Best 8 Tips for Networking Effectively

Why a strong network matters

Creating something of lasting meaning, impact, and value is rarely possible alone. We need to collaborate with others who share our beliefs, values, and vision.

Assess your current network

As a first step, you need to take a hard look at the state of your existing network. Most of us have networks that evolved organically instead of intentionally.


How powerful is your network? What do the people in your network do? Are some connectors themselves?


How aligned is your network with your strategic career path? Does it reflect your desired role in the right industry? If you’re leaping into entrepreneurship, do you have the connections and support that will make that endeavor more successful?


The diversity in your network is essential for a variety of reasons. Unfortunately, we tend to befriend and connect with people who are similar to us. Believe it or not, we also tend to have friends who are genetically similar to ourselves (how freaky is that?).


When was the last time you talked with the people in your network? How often do you meet folks for lunch, coffee, or drinks? Do you socialize with people on a personal level, or do you try to leverage them like tools?

  • Create a list of people from your network you would like to stay more closely connected with (Linkedin buries this, but you can export your data, including your connections).
  • Create a spreadsheet as a simple relationship management tool. Put names in columns, other relevant info (e.g., who they are, how you met, what they do, etc.), and then have columns to track when you last contacted them and how (e.g., to say hello)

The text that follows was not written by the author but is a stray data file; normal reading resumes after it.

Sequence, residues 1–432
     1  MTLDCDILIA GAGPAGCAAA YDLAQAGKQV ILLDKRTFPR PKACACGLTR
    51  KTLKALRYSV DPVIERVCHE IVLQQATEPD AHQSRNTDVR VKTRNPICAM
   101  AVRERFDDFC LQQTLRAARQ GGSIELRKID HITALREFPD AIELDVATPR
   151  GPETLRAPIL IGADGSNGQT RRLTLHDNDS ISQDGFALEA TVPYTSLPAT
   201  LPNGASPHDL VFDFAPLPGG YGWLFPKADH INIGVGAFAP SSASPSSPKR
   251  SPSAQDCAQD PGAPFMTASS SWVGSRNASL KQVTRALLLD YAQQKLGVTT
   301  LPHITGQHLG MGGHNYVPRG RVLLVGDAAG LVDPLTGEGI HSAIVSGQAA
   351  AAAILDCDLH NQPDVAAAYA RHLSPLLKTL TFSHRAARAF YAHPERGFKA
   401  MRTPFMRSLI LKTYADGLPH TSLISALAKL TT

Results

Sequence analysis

• Identify a small subset of people you want to meet for coffee, lunch, or drinks physically. Schedule time with them.
  • Set up video chats or phone calls with another subset of folks who live far away from you.
  • Send a “Thank you” to people who truly made a difference in your life. I know that we sometimes feel too shy to say it in person. It’s more comfortable with time and distance. I’ve sent thank you notes to professors, bosses, and mentors from my past. It feels good to acknowledge them, and they seem to appreciate the gesture too.
  • Share a relevant article with another subset of people (e.g., a research article on clean energy)
  • Simply say, “Hi, I was thinking about you the other day. I was wondering how you’ve been doing?” to another group of people


How close are you to the people in your network? How willing are they to help you out? How often do you help people out? Are they comfortable introducing you to other valuable individuals in their network?

Invest in your network

I hope that this has inspired you to spend more time cultivating your network. It is one of the best investments that you can make, both for your professional and personal life. My network has enabled a great deal of my success over the past 20 years.



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Edward Gorbis

Edward Gorbis


Helping ambitious immigrants and first-generation leaders thrive in business and life. CEO of Career Meets World.